USWNT Coach Jill Ellis Stepping Down After Victory Tour This Fall
For everything she has done and everything she has meant to this program we say, THANK YOU ❤️— U.S. Soccer WNT (@USWNT) July 30, 2019
Jill Ellis will step down as #USWNT head coach in October.#ThankYouJill: https://t.co/5I3dwtQXIo pic.twitter.com/QkCAkMItQj
USWNT coach Jill Ellis, who helped lead the team to two consecutive World Cup titles, will "step down as head coach" after the club's five-game victory tour, according to Steven Goff of the WASHINGTON POST. Ellis' contract expires today, and although the U.S. Soccer Federation held an option to retain her through the '20 Tokyo Games, Ellis said that she "felt it was time to move on and pursue other opportunities." For the time being, Ellis will "continue to work for the USSF as an ambassador, representing the governing body at events and speaking engagements." Her replacement, or an interim coach, will "start in November with two friendlies." The search for a new coach "will not accelerate" until the federation hires a GM for the team. Sources said that that decision is "close." A source said that Ellis "told the players of her decision this week." However, as early as last winter, Ellis said that she "began thinking about stepping down after the World Cup" (WASHINGTON POST, 7/31). In Miami, Michelle Kaufman noted Ellis, who was born in England, "might explore other national team options or perhaps coach a European club" (MIAMI HERALD, 7/31).
FRONT OFFICE SHAKEUP: In Philadelphia, Jonathan Tannenwald cites a source as saying that the USSF "has its candidate chosen" for a GM, but the deal "might not be done yet" (PHILADELPHIA INQUIRER, 7/31). PRO SOCCER USA's Pardeep Cattry noted Ellis spoke to USSF President Carlos Cordeiro about "offering her full support to whoever is hired as her successor." Ellis has "spoken before about the lack of opportunities for female coaches in soccer." She said yesterday that she would "like her successor to be a woman." Ellis "believes the same for the role of the general manager" (PROSOCCERUSA.com, 7/30). The AP's Anne Peterson notes the next GM "will lead the search for a new coach" (AP, 7/31).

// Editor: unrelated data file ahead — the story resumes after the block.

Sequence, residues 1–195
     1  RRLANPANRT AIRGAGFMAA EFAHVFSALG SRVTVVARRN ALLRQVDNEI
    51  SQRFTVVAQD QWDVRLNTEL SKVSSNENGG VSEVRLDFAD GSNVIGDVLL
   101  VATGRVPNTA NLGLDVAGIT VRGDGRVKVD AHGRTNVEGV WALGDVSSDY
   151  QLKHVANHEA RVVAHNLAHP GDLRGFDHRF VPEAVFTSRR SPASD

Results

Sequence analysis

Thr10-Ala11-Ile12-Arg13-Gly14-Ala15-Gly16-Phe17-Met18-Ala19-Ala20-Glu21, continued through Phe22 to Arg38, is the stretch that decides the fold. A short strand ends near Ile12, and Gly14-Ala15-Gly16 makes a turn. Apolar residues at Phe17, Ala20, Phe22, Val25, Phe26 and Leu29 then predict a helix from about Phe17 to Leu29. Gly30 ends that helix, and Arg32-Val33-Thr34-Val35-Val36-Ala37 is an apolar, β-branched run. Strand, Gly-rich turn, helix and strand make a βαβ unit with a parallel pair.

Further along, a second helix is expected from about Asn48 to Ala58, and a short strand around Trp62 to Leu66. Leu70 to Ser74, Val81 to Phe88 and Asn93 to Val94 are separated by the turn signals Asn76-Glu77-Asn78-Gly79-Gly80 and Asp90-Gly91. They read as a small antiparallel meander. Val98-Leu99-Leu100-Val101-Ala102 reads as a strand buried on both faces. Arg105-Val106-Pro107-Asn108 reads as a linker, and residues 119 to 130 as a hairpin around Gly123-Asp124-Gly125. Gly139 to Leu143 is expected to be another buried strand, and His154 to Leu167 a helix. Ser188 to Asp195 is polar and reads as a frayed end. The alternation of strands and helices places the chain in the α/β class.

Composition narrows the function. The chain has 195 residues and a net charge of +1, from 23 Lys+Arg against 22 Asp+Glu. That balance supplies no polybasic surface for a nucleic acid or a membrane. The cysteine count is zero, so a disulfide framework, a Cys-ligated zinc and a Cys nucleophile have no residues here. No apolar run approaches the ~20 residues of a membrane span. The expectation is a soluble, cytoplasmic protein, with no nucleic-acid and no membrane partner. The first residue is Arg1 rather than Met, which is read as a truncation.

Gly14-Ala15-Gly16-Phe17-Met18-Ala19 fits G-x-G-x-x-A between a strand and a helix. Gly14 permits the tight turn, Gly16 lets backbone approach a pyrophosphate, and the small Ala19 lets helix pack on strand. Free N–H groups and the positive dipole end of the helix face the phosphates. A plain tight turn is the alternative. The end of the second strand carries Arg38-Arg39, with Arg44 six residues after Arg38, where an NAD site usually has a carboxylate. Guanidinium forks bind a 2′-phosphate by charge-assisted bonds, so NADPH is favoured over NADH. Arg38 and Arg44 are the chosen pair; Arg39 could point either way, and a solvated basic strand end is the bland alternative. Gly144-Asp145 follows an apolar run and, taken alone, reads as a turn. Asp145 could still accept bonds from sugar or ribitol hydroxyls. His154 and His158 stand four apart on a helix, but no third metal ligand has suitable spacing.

LEADER AMONG WOMEN: In N.Y., Andrew Das notes Ellis' five-year tenure "coincided with a tumultuous time for the women's program, which fought with FIFA over artificial turf fields" before the '15 Women's World Cup; "endured public criticism after national anthem protests" by F Megan Rapinoe; and engaged in a multiyear battle with USSF over pay equity. Ellis "navigated it all with the same approach that made her an effective coach." She "stayed out of the fray, expressing support for her players at all times while avoiding antagonizing her bosses at the federation." Ellis said that she "still would have decided to walk away -- 'probably' -- even if the Americans had not won in France" (N.Y. TIMES, 7/31). YAHOO SPORTS' Dan Wetzel noted Ellis "was not always popular with her players." She was not "particularly charismatic with fans or media," but she was "ruthlessly effective." Wetzel: "Managing great players amid all-or-bust expectations is not simple. There's a reason the U.S. had never before won consecutive World Cups, let alone dominated the FIFA world rankings as they have" (SPORTS.YAHOO.com, 7/30).